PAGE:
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San Diego Humane Society

Does Your Pet Not Like to Be Touched?

Cats and dogs who respond to certain forms of handling with fear, anxiety, arousal or aggression may be considered “handling sensitive.” This can be problematic, because most pet parents would like to pet, handle or even cuddle their pets, and basic forms of handling are often required to care for and keep cats and dogs healthy. Most pet parents do not wish to cause emotional distress for their animals, and handling sensitivities can lead to forms of aggression such as snapping or biting if left unaddressed or unmanaged. With a little education in cat and dog body language and by preventing unpleasant experiences and having patience with a new training plan, pet parents can change the way their pet feels about and responds to handling.

For moderate cases of handling sensitivity, working with a qualified professional force- and fear-free trainer is highly recommended.

Identifying Handling Sensitivity

Body Language

Identifying signs of fear, anxiety and stress through body language and behavior is a necessary skill for modifying any behavior. Dogs and cats do not speak human languages and instead communicate primarily through body language and behavior. To learn about dog and cat body language, use one of the many resources available on YouTube for dogs and cats.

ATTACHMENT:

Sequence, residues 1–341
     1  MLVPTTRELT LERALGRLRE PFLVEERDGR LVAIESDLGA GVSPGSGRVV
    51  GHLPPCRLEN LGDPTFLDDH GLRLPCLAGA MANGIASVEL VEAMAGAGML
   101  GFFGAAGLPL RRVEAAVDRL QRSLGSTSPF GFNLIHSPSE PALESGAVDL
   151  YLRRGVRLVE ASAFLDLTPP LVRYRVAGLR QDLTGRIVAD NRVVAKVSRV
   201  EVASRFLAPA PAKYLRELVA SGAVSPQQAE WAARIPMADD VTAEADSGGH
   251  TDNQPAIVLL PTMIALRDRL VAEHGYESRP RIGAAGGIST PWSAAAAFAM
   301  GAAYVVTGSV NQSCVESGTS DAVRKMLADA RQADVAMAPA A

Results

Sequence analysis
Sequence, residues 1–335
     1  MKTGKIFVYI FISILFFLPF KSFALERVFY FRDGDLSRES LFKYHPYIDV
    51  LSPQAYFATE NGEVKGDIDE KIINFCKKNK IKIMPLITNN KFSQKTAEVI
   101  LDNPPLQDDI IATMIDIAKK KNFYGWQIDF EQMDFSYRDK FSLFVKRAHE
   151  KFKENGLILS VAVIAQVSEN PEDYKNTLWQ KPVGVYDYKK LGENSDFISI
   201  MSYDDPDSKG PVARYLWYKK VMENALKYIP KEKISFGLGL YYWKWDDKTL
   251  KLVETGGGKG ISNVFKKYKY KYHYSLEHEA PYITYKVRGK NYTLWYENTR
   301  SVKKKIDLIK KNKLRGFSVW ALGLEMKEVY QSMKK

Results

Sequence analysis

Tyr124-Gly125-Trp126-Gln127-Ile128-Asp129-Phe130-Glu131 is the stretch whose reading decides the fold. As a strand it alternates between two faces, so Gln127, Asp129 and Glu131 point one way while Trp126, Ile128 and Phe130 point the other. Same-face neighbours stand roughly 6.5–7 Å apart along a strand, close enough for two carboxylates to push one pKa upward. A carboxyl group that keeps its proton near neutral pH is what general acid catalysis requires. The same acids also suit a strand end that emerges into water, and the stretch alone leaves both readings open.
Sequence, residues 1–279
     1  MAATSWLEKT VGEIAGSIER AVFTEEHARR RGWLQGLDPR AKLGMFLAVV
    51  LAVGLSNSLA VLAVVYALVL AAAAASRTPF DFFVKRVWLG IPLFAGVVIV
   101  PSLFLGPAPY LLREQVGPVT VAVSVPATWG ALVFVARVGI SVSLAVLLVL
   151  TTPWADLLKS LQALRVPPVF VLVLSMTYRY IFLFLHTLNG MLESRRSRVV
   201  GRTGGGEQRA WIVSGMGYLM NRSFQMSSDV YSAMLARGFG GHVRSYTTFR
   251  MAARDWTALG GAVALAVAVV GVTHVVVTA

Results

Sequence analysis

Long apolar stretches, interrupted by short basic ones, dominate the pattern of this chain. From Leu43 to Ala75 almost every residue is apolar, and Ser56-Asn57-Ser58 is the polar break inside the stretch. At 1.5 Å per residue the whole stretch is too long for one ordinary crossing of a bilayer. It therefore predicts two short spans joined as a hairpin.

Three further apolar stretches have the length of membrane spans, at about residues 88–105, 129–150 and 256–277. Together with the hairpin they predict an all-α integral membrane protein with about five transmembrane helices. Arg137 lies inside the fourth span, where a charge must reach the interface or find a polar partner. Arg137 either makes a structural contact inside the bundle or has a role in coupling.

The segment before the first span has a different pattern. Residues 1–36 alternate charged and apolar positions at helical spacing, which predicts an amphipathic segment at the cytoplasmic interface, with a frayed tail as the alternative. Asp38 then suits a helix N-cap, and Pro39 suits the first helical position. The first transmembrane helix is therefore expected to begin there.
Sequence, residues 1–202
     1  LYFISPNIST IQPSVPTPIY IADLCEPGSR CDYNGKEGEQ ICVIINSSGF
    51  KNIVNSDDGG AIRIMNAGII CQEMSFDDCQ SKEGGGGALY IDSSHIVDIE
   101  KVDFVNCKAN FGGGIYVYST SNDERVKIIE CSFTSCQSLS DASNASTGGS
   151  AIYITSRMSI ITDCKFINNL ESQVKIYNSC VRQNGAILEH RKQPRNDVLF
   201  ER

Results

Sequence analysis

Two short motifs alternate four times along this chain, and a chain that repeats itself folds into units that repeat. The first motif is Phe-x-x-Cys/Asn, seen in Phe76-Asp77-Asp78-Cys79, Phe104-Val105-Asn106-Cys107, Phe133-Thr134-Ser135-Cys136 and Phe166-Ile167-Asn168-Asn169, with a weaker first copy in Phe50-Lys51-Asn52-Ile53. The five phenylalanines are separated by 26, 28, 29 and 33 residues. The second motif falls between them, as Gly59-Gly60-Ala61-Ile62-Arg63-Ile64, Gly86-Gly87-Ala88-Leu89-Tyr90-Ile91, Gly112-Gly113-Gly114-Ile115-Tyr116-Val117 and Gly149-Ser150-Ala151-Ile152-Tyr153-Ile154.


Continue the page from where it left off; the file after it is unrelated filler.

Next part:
Triggers

Once you are able to identify a pet’s emotions through their body language and behavior, the next step is to identify the triggers or specific actions and events that produce signs of fear, anxiety or stress. For example, if a dog is sensitive to being picked up, a trigger could be an arm reaching under the dog’s abdomen, at which point observable changes in the dog’s body language and behavior would indicate an underlying negative emotional response, such as fear or anxiety.

Preventing Handling Sensitivity

Build Your Relationship

In the same way you may not be thrilled about touch or hugs from people you don’t know, your cat or dog may have similar feelings and opinions. Naturally, cats and dogs are more likely to tolerate petting, handling or restraint from a familiar person. To begin forming a positive relationship with a new pet, simply:

  • Create a predictable routine: Interact with your pet in a consistent manner, by creating and implementing a daily routine for meals, walks, downtime, social interactions, training and play.
  • Feeding tip: Do NOT leave out free food. Aim to offer meals twice a day for breakfast and dinner.